## Shepherd Writeup
The presence of Constrained Application Protocol (CoAP) proxies may lead to infinite forwarding loops, which is undesirable. To prevent and detect such loops, this document specifies the Hop-Limit CoAP option. The new hop-limit option is elective, safe to forward, not part of a cache and not-repeatable and gets decremented after every hop.
This draft is the solution to a problem raised by the DOTs WG (https://tools.ietf.org/html/draft-ietf-dots-signal-channel-37). It is referred as a normative reference there.
The option has already been implemented in the proprietary NCC Group DOTS.
Document Shepherd: Jaime Jiménez <email@example.com>
Area Director: Alexey Melnikov <firstname.lastname@example.org>
The presence of Constrained Application Protocol (CoAP) proxies may lead to infinite forwarding loops, which is undesirable. To prevent and detect such loops, this document specifies the Hop-Limit CoAP option.
The document is intended for Standards Track.
### Review and Consensus
The document has gone through multiple expert reviews and has been discussed on multiple IETF meetings.
### Intellectual Property
Each author has stated that they do not have direct, personal knowledge of any IPR related to this document. I am not aware of any IPR discussion about this document on the CoRE WG.
### Other Points
The document creates a new CoAP response code (5.08 which is unassigned) and a new Option Number, we have had reviewers verify both.
- [x] Does the shepherd stand behind the document and think the document is ready for publication?
- [x] Is the correct RFC type indicated in the title page header?
- [x] Is the abstract both brief and sufficient, and does it stand alone as a brief summary?
- [x] Is the intent of the document accurately and adequately explained in the introduction?
- [x] Have all required formal reviews (MIB Doctor, Media Type, URI, etc.) been requested and/or completed?
- [x] Has the shepherd performed automated checks -- idnits (see http://www.ietf.org/tools/idnits/ and the Internet-Drafts Checklist), checks of BNF rules, XML code and schemas, MIB definitions, and so on -- and determined that the document passes the tests?
- [x] Has each author stated that their direct, personal knowledge of any IPR related to this document has already been disclosed, in conformance with BCPs 78 and 79?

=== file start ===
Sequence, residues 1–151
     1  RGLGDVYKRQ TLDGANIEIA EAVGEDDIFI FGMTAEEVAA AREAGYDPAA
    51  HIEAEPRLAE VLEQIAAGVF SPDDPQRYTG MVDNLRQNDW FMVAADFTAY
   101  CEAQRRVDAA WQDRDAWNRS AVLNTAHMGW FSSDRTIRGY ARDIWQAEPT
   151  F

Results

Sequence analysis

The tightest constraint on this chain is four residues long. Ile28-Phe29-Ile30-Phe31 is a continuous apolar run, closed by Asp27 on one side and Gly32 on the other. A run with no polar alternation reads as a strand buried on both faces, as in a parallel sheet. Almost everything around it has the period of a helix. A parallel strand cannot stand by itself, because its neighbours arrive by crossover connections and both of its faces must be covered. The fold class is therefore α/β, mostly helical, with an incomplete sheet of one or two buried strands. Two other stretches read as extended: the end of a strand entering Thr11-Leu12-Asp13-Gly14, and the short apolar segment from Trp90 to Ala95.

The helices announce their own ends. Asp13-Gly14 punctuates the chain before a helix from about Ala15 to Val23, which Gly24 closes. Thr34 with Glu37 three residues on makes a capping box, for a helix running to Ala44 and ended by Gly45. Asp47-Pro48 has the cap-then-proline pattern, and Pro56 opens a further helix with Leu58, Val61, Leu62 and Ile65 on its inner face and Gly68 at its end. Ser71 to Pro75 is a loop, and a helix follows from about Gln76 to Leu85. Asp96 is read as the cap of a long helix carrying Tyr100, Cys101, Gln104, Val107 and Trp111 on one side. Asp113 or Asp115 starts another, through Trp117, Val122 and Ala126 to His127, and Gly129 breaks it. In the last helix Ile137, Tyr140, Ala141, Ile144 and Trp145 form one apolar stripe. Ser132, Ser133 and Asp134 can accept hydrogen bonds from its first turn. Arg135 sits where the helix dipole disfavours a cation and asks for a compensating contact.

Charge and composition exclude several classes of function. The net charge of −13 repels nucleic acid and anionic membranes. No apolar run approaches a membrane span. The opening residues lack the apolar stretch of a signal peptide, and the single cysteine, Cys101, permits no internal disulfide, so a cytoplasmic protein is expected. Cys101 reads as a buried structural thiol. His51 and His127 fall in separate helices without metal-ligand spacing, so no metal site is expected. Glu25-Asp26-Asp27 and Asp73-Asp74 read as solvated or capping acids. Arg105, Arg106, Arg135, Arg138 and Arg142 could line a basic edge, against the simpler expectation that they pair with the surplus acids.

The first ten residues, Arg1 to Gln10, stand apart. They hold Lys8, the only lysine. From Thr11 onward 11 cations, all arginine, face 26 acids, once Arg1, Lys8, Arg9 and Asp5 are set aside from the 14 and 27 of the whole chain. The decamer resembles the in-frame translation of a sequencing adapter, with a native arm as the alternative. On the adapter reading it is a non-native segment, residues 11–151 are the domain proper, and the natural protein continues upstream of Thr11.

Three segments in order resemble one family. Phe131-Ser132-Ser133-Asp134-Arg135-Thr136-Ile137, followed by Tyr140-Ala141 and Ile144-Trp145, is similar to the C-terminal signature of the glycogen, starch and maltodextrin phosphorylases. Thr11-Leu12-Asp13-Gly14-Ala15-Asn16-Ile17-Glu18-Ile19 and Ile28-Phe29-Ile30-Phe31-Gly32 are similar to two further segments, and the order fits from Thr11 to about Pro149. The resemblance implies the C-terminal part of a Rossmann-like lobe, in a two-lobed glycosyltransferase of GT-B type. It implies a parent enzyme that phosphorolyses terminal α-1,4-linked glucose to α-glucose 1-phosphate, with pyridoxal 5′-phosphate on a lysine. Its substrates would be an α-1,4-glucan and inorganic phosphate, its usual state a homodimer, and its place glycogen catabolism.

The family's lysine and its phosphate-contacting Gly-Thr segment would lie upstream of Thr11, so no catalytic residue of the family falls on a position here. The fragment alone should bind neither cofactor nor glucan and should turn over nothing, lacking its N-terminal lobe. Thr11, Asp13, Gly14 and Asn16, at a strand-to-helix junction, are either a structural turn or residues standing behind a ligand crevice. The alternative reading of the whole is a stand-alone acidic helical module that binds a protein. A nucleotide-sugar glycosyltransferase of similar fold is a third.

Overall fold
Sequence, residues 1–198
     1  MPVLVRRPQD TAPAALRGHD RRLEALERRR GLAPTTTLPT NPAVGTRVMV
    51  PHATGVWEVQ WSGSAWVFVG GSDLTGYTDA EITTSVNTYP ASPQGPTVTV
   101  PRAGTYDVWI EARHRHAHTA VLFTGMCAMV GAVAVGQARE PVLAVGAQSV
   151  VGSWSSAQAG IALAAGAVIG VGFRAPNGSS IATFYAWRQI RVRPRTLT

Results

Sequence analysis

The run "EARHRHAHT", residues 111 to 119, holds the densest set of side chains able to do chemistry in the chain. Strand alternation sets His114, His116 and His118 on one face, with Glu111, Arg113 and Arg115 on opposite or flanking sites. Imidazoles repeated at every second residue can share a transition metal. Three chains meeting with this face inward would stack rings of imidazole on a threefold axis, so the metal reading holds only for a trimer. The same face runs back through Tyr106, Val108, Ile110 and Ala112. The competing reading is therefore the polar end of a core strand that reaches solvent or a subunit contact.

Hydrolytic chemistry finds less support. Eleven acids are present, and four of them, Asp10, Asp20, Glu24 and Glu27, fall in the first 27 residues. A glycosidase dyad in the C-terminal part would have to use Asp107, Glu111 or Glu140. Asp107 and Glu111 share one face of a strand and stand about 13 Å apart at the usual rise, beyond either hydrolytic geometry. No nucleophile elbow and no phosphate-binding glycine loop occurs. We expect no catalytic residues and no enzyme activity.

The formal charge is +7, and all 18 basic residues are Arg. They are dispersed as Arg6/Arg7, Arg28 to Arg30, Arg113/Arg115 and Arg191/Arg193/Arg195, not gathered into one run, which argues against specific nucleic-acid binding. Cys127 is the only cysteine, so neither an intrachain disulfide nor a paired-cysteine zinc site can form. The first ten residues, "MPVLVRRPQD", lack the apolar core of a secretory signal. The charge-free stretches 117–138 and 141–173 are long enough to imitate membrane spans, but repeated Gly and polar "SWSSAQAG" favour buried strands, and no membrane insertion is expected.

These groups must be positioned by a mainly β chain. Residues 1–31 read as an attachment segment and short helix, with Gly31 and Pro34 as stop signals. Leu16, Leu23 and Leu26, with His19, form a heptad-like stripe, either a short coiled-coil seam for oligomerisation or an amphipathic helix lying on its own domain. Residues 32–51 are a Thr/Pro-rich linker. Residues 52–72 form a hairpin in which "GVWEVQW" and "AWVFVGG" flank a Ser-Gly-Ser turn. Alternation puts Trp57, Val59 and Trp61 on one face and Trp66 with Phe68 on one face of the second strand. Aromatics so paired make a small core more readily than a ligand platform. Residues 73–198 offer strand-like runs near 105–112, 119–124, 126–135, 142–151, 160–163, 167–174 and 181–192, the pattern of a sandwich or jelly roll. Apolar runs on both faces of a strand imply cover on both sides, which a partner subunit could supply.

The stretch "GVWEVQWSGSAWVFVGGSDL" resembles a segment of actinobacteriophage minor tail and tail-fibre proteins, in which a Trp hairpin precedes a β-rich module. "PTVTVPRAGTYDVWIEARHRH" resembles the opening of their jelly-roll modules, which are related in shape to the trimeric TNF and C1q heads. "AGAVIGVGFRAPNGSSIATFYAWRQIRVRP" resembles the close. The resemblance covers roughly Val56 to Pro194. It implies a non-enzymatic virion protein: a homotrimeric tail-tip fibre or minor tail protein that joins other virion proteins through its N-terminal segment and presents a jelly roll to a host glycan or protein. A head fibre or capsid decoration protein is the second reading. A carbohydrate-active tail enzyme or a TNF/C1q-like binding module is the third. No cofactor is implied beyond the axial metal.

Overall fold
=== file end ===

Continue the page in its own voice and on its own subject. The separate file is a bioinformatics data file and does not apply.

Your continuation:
- [x] Have all references within this document been identified as either normative or informative, and does the shepherd agree with how they have been classified?
- [x] Are all normative references made to documents that are ready for advancement and are otherwise in a clear state?
- [x] If publication of this document changes the status of any existing RFCs, are those RFCs listed on the title page header, and are the changes listed in the abstract and discussed (explained, not just mentioned) in the introduction?
- [x] If this is a "bis" document, have all of the errata been considered?
`Does not apply`
- [x] Are the IANA Considerations clear and complete? Remember that IANA have to understand unambiguously what's being requested, so they can perform the required actions.
- [x] Are all protocol extensions that the document makes associated with the appropriate reservations in IANA registries?
- [x] Are all IANA registries referred to by their exact names (check them in http://www.iana.org/protocols/ to be sure)?
- [x] Have you checked that any registrations made by this document correctly follow the policies and procedures for the appropriate registries?
- [x] For registrations that require expert review (policies of Expert Review or Specification Required), have you or the working group had any early review done, to make sure the requests are ready for last call?
- [x] For any new registries that this document creates, has the working group actively chosen the allocation procedures and policies and discussed the alternatives?
- [x] Have reasonable registry names been chosen (that will not be confused with those of other registries), and have the initial contents and valid value ranges been clearly specified?